John Glenn is an American hero. He orbited the Earth at 17,526 mph and ain't scared of a damn thing—except, of course, the Johnsville human centrifuge. That "sadistic" machine terrified Glenn and his fellow astronauts for more than 50 years at the Naval Air Warfare Center in Pennsylvania. Here's how.
Located at the Johnsville Naval Air Station, the headquarters of the Naval Air Warfare Center, the Johnsville human centrifuge was completed in 1950. The centrifuge resided in an 11,000-square-foot cylindrical building and consisted of a 10-foot-diameter steel sphere at the end of a 50-foot arm driven by a 4,000 horsepower motor. Not only did the sphere (aka the gondola) whip around the room, it could rotate as well. This allowed for test pilots and astronauts to experience the incredible G-forces they'd likely experience as they left and (hopefully) reentered the atmosphere. If the ball spun one way, it generated positive Gs (which jams your eyeballs into the back of your skull); spinning it the other way generated negative Gs (which sucks your eyeballs out). The gondola could even be affixed in a specific position to simulate specific forces. In 1963, the sphere was replaced with a larger, three-seater model employed for training Apollo crews.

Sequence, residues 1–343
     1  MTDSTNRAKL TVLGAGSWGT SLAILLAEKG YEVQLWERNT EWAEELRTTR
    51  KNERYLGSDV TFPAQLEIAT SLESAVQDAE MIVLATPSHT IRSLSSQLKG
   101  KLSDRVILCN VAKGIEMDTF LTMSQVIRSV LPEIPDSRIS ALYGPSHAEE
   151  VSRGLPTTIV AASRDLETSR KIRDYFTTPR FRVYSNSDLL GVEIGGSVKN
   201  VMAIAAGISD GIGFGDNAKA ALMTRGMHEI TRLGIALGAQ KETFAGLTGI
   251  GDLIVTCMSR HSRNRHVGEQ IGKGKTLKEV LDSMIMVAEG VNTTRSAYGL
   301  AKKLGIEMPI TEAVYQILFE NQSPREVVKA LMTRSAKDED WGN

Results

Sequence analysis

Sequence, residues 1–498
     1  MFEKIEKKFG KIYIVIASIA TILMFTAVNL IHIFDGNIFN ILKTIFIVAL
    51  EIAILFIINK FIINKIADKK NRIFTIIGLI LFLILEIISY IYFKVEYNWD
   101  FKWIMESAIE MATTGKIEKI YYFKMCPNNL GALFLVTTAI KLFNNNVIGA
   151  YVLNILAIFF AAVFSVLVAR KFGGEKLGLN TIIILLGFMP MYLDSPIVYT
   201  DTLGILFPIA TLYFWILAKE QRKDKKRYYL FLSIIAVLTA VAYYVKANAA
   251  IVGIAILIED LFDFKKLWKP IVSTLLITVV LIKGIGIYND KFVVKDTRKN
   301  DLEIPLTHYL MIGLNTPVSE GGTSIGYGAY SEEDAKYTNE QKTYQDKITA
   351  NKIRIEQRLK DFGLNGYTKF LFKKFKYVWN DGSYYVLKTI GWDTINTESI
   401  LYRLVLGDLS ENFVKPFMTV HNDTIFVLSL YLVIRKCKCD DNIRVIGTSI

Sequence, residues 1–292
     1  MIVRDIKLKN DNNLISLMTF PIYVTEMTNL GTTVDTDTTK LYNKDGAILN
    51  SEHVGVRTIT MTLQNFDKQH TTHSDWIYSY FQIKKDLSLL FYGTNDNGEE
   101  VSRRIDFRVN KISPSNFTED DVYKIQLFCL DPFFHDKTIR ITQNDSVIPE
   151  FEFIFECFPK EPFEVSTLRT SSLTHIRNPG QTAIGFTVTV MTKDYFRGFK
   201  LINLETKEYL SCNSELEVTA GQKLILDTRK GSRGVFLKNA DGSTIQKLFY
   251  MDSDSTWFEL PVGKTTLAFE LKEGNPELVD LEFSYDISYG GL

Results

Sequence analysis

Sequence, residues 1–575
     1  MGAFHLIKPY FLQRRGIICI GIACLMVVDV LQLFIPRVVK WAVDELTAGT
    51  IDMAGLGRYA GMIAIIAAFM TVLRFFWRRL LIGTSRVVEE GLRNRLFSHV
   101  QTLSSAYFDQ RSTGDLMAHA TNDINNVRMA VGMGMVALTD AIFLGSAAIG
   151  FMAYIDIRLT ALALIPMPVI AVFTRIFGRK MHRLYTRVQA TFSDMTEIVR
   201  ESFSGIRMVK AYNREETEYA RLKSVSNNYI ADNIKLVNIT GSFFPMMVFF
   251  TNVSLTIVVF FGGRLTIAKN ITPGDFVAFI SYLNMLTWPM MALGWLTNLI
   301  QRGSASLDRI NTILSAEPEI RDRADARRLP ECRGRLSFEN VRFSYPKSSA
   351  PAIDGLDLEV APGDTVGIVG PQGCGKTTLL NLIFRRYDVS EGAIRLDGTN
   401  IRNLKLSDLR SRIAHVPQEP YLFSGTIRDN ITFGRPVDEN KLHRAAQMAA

Not only did it help astronauts train, it also gave researchers valuable insight into what the human body could and could not withstand. Remember, in the '60s NASA boffins had no previous experience to draw on and generally played these things by ear. So, the Johnsville G Machine played an important role in shaping the future of air and space travel.
For nearly fifty years, literally every American astronaut took a ride (or several) on the G Machine, including Alan Shepard, John Glenn and Neil Armstrong. However, the facility met its end in 1996. The centrifuge was disassembled and transferred to the Smithsonian. The gondola itself was sold by the Smithsonian, transferring it back to the Johnsville Centrifuge & Science Museum.
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